"If an organisation's leaders don't follow best practice advice, they should not be surprised when employees don't see cyber security as a priority," Buratowski noted. "In my opinion, security heads should involve other relevant departments and functions across the company in order to build multiple layers of defense."
Human error will always be a factor. Mistakes happen, and no matter how well you educate employees, some attacks will slip through the net. But should employees be held accountable when security lapses take place?
According to Buratowski, punishment may be counter-productive:
"Personally, I don't think that employees should be disciplined for genuine mistakes, certainly not the first time, and probably not for the second either. We need to remember that attackers know what they are doing and are good at what they do. The first or second instance should therefore be about remedial training, about making sure employees have the knowledge and awareness to do the right thing.
If incidents continue, then of course there should be some consequences. However, putting the emphasis on punishing employee mistakes is unfair and unhelpful. It is the organisation's responsibility to balance educating employees with mitigating risk."
When asked whether businesses are taking network security seriously enough, the executive said:
"The majority of businesses do take security very seriously but when it comes to the human element I think there is a tendency for many businesses to just "check the box". They run a couple of hours of training or include a policy on security but this reflects a bare minimum approach and only scratches the surface of what's needed in terms of training and education to really develop a culture of cyber security.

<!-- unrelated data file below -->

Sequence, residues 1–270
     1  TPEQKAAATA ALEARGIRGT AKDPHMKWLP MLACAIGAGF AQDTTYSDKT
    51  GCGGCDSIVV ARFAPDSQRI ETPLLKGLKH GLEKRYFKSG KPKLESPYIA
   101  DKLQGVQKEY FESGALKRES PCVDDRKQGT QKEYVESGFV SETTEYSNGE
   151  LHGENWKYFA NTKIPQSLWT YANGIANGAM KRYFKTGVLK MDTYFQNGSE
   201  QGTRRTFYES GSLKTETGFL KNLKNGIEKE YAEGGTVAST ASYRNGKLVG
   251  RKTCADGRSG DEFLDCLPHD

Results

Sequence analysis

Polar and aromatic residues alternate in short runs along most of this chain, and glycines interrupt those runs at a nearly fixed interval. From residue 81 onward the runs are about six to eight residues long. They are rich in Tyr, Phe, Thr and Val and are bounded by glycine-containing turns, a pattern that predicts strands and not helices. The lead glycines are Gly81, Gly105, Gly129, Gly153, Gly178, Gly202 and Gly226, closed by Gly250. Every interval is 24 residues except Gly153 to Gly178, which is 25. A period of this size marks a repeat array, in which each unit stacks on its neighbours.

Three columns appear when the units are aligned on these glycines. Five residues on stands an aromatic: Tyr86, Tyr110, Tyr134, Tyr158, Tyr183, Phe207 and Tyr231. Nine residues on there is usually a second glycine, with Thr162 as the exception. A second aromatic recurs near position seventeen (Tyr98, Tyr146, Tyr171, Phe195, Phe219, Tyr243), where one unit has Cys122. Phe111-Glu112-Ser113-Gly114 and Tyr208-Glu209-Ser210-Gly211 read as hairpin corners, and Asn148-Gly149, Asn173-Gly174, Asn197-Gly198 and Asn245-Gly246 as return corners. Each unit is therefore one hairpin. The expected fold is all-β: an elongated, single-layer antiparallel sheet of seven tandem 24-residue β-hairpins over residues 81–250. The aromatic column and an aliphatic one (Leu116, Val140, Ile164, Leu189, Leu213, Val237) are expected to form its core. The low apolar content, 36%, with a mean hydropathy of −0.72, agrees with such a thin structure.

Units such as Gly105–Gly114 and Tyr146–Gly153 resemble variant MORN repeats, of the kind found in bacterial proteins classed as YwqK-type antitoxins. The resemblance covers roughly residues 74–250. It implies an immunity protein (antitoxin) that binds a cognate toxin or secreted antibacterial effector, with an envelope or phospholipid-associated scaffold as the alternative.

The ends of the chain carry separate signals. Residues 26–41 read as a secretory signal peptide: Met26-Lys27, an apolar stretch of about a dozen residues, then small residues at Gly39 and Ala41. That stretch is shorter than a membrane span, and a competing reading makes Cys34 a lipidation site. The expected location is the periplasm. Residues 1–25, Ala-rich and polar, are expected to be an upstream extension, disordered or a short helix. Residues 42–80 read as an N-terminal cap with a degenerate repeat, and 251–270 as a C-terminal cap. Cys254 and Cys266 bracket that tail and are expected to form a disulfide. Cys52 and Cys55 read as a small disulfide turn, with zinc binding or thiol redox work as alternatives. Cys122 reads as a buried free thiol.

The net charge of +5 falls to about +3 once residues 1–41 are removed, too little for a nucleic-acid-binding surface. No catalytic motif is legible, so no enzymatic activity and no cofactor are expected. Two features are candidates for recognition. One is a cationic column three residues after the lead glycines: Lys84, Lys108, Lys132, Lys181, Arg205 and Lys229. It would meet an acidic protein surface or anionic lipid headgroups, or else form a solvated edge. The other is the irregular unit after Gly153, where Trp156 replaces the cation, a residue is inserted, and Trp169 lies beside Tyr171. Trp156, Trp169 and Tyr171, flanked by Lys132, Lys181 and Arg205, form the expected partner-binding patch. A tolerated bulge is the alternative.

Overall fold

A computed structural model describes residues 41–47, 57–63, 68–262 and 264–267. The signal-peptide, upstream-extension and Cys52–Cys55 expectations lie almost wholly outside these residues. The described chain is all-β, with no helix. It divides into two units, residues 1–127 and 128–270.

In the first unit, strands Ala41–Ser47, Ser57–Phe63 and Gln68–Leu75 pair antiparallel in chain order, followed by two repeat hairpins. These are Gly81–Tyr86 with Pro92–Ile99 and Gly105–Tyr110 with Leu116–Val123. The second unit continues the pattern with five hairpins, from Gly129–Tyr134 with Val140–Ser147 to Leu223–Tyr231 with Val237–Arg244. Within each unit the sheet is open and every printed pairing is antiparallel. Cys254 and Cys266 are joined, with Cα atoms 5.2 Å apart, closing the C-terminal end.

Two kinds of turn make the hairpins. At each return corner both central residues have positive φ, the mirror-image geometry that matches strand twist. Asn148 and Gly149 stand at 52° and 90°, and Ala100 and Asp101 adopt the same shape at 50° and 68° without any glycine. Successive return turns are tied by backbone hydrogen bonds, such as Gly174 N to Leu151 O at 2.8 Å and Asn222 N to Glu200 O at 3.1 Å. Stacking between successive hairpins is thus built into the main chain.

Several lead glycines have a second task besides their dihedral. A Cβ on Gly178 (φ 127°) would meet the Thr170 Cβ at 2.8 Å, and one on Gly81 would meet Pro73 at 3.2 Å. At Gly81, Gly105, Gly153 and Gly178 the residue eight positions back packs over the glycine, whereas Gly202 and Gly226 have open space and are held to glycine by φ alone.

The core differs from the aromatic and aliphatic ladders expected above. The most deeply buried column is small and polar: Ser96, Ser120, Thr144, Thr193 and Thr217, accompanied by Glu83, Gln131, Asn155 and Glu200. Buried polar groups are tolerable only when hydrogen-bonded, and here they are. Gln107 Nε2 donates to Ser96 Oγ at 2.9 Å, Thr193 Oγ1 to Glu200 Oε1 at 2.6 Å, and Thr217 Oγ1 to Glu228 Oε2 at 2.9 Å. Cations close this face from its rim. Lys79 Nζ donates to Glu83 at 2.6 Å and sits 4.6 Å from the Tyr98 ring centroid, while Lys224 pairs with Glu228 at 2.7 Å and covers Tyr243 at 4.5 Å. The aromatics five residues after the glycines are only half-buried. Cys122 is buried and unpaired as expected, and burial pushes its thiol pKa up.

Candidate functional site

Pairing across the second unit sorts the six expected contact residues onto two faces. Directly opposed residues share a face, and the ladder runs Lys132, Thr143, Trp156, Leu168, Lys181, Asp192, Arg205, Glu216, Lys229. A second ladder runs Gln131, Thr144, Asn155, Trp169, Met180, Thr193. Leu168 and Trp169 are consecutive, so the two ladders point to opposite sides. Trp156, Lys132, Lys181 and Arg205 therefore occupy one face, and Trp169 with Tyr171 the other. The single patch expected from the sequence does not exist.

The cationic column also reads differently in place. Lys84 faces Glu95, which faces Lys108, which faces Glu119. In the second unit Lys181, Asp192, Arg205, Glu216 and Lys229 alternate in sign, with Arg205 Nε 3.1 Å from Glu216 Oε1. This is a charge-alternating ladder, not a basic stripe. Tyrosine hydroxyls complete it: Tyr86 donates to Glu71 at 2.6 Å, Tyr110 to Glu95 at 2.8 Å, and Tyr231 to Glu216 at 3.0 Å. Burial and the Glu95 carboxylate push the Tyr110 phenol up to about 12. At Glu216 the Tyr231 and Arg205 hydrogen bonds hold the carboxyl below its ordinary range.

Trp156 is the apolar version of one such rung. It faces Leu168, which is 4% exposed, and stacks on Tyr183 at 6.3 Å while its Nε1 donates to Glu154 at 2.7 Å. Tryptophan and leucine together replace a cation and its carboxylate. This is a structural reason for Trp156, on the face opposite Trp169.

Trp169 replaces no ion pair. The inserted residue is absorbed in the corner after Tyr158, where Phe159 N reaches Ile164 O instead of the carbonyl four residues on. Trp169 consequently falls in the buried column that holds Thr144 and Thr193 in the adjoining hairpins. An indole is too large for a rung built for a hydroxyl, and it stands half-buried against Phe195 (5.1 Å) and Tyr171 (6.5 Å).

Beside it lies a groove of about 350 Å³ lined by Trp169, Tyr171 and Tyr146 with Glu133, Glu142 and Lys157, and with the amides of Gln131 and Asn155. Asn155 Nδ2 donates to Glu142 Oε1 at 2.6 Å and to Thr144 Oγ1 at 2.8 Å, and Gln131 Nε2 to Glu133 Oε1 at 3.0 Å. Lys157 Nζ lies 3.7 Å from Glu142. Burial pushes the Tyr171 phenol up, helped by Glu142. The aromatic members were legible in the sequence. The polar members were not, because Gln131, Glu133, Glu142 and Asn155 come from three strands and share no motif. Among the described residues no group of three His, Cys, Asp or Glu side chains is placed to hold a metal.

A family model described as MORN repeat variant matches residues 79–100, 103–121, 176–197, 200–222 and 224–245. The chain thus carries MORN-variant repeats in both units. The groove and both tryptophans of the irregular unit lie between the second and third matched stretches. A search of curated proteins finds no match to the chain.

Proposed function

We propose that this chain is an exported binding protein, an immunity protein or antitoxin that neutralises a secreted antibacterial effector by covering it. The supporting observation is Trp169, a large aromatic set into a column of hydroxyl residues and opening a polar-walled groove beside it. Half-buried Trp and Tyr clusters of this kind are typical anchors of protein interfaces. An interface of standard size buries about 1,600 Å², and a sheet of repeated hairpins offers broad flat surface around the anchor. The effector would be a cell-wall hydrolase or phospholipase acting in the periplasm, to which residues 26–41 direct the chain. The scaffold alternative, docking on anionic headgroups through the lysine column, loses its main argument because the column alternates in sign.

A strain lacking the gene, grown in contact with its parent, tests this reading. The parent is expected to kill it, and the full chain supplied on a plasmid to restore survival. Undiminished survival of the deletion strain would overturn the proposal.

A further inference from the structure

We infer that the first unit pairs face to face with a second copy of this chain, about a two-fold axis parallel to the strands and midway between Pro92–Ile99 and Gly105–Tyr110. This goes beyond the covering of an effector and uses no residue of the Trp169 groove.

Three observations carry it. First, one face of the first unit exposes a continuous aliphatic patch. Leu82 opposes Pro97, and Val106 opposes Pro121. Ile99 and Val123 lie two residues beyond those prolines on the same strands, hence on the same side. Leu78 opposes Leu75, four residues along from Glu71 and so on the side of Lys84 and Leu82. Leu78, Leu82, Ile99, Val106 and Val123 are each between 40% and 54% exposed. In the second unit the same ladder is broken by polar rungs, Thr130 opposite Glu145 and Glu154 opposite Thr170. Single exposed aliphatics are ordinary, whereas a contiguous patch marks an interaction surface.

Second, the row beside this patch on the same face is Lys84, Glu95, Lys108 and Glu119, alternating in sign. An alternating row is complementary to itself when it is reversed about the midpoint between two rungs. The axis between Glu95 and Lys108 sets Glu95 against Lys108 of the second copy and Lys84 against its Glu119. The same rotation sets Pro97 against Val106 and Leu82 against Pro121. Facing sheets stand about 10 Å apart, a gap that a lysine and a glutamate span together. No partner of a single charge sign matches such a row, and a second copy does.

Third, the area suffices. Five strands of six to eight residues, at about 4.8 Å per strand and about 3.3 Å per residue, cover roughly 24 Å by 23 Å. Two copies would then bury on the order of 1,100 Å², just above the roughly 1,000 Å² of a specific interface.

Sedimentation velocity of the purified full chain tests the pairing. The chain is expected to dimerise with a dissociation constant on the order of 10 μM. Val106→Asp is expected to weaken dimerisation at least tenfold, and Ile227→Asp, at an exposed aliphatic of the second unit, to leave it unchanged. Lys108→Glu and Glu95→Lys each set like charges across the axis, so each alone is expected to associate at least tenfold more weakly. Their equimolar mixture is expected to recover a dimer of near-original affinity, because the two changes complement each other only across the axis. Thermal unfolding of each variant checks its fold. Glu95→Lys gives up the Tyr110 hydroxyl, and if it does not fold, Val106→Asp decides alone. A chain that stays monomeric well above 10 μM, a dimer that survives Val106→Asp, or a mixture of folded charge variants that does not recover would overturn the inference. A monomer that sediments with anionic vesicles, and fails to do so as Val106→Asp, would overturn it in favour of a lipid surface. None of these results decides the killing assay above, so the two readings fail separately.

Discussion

Ultimately it comes down to the people, processes and technology. Your employees have to understand the very real dangers of cyber attacks. Those at the executive level have to then supply the processes and policy that employees can stand on as the basis for how they behave.
Finally robust and reliable technology needs to be put in place to support your employees. As you can see process and technology are important but people are involved in everything so focus on getting the people part right."
While the enterprise is not legally required to reveal the existence of data breaches and security failures, as rates increase and sharing threat data becomes an important tool in keeping business safe as a whole, the current corporate culture of often keeping quiet may change.
When asked what the future holds and whether companies should be legally required to reveal failures in the system, Buratowski said:
"I think it's inevitable that companies will eventually be obligated by legislation to reveal data breaches and share the threat data. We see that already with the SEC requirements. However, like anything else there are strong pros and cons to disclosing data breaches. The sharing of threat data is obviously the biggest benefit to disclosing the information and only by sharing this information and operationalising it can we really start making an impact.
Disclosing a breach also allows us to understand who is being targeted and gives us the change to be proactive in our defense.
I believe one of the biggest concerns corporations have about disclosing is obviously the impact to their stock price and potential law suits, but just as important is the possibility of reputational and brand damage. This is a harder cost to quantify but still poses an enormous impact to their business.
News also spreads very quickly and can often be published without all the facts. A corporation can disclose that they were the victim of a breach, but it takes time to fully understand what happened and what data was stolen. Once news has been released, naturally readers are eager for the details to follow and "undisclosed sources" or "sources that are not authorized to comment" can sometimes be used to fill in the details which then get published as fact.
Organisations can disclose the correct information when it becomes available but the damage may already be done."